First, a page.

By Artie Berns
I recently attended the ABA Techshow in Chicago. The following are some of the highlights:
Prior to the actual event I attended a Dean’s Roundtable event, Teaching Technology in the Academy: Are We Finally at the Tipping Point. This event was hosted by Chicago Kent School of law and included a lively panel discussion about the modes and methods of teaching technology in the legal academy. For me, the main take-away was that while we in the legal academy can theorize about what we should be teaching with regard to technology, a better indicator of what is needed is what the firms hiring our students want them to know when they arrive. This event will be evolving into an actual academic track in next year’s Techshow. For more information about the upcoming academic track contact Michael Robak, firstname.lastname@example.org.
More than one program I attended discussed the impact of expert systems on the practice of law. In this context an expert system is one in which a computer conducts guided interviews to solve a particular legal problem, for instance in the program How to Hire a Robot – or Using Experts Systems in Today’s Law Firm an expert system was designed on the spot which would allow an end user to determine if they can obtain a divorce or annulment under Illinois law. Other expert systems are used to provide services for pro se litigants, for example Illinois Legal Aid Online (www.illinoislegalaidonline.org) uses A2J Author (http://www.a2jauthor.org) to help self-represented litigants to create legal forms for common legal problems. Here in New England, the Massachusetts-based Committee for Public Counsel Services (https://www.publiccounsel.net/) uses QnA Markup (http://www.qnamarkup.org/) to help guide people to various legal resources. In the long term it is thought expert systems will be used for the automation of boring or repetitive tasks which will allow attorneys to spend their time addressing more complex and thought intensive tasks.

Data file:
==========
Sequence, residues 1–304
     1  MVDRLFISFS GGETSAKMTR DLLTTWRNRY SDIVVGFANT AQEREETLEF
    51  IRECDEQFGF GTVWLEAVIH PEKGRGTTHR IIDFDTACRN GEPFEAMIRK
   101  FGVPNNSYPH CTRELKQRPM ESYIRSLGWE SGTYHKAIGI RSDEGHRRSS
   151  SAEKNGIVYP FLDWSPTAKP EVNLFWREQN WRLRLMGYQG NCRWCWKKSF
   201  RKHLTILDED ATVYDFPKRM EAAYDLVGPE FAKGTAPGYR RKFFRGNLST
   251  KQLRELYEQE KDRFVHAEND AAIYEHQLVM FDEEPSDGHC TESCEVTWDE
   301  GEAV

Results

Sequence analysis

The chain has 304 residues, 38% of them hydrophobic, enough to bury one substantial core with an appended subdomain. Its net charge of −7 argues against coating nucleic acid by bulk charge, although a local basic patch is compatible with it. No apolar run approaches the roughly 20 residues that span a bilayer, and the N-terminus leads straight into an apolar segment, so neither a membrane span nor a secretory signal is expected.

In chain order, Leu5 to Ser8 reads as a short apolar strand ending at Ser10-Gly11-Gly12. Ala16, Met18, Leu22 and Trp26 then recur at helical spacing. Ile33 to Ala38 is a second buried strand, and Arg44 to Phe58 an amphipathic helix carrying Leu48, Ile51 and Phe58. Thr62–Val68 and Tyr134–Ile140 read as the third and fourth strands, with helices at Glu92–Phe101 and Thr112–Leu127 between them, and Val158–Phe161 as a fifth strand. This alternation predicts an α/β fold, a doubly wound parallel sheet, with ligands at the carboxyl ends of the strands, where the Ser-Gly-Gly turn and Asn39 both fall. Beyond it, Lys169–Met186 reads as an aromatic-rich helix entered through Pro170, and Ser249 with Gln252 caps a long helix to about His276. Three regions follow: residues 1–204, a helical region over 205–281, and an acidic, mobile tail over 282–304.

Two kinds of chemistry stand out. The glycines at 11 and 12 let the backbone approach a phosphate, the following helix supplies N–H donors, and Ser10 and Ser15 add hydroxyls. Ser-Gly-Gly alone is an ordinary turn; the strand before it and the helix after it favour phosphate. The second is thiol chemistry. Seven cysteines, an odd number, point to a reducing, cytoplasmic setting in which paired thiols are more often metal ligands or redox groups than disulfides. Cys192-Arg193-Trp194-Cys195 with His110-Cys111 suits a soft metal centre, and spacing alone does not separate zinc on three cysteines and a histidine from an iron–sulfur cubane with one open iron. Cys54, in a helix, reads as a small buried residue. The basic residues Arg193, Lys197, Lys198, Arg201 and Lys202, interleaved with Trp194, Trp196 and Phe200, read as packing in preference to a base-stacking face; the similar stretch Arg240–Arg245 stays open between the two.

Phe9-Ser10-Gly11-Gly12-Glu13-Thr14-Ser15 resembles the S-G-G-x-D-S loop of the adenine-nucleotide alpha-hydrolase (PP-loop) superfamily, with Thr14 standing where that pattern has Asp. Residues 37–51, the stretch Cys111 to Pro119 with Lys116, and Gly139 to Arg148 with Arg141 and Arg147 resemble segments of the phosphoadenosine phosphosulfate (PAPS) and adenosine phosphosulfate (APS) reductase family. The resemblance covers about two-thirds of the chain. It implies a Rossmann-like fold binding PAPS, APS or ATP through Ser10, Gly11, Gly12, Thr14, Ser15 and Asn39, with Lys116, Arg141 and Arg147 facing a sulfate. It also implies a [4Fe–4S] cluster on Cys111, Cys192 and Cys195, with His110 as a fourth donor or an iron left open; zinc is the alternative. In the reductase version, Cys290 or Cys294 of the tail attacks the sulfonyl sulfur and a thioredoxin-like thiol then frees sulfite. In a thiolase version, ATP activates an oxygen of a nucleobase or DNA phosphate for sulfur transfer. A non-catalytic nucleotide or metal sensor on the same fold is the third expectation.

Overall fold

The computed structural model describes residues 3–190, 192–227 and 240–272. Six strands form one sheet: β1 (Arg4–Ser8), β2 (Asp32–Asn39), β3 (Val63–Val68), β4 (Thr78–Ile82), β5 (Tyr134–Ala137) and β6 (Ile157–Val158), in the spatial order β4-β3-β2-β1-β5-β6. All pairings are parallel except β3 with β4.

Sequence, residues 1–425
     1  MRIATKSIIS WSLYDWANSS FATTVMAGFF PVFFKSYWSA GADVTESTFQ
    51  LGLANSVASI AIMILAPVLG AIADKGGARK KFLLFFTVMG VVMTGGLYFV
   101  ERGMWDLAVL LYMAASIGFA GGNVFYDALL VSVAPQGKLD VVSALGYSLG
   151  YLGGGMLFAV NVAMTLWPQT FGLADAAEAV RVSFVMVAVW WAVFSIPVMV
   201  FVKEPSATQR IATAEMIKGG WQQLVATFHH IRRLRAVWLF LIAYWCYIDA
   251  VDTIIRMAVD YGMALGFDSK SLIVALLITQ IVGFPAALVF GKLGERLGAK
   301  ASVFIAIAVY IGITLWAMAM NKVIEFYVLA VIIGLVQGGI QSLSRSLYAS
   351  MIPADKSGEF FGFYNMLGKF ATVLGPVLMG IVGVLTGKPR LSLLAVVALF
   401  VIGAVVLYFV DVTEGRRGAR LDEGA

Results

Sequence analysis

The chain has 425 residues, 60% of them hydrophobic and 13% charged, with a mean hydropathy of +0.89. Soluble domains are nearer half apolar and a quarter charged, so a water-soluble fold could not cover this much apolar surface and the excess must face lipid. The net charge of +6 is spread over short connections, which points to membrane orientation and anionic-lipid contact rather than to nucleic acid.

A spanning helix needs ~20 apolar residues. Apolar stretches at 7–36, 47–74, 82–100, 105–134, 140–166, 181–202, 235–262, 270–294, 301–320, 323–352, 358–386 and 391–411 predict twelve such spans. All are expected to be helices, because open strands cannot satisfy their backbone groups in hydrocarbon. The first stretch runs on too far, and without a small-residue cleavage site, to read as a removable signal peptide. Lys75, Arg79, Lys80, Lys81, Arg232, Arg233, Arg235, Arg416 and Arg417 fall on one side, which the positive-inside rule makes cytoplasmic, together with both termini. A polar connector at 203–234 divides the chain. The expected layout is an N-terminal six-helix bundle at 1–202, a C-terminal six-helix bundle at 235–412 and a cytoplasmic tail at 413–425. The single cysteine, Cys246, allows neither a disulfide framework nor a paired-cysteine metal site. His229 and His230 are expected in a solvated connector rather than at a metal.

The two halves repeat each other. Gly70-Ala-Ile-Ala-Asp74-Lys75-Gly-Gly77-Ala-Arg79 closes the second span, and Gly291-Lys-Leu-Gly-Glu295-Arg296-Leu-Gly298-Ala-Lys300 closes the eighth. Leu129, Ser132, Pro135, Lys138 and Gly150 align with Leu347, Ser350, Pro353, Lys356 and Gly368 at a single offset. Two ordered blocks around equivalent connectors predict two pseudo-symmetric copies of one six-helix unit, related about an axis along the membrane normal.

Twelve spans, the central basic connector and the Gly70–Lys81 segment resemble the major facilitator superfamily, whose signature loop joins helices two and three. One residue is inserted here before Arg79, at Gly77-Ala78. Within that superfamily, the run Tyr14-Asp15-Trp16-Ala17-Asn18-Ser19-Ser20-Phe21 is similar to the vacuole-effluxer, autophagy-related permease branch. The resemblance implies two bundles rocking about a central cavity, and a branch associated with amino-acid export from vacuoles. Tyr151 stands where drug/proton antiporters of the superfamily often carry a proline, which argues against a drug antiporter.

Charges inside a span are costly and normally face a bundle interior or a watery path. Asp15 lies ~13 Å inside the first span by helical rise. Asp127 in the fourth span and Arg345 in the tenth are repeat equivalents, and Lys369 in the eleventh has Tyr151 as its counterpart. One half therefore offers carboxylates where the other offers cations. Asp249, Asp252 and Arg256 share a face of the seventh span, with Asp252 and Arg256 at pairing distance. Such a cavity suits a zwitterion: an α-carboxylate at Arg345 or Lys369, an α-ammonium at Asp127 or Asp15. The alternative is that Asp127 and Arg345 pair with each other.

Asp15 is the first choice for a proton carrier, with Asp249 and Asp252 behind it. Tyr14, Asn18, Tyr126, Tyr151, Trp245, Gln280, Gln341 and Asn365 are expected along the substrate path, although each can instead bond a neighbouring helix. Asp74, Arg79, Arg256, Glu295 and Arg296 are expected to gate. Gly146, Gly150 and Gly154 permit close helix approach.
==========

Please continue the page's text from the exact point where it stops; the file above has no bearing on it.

Several programs taught attendees to maximize the use of existing technologies such as Word, Excel, and Acrobat Pro. Another very interesting program discussed the deep/dark web and how to conduct research there and why you would want to. I discussed this program on the my law library’s blog, Spot-on Legal Research (http://wnelawlibrary.blogspot.com/2016/03/below-surface-web.html). All told, I walked away from the ABA Techshow with a much better idea about what technologies we should be teaching to law students both today and in the future.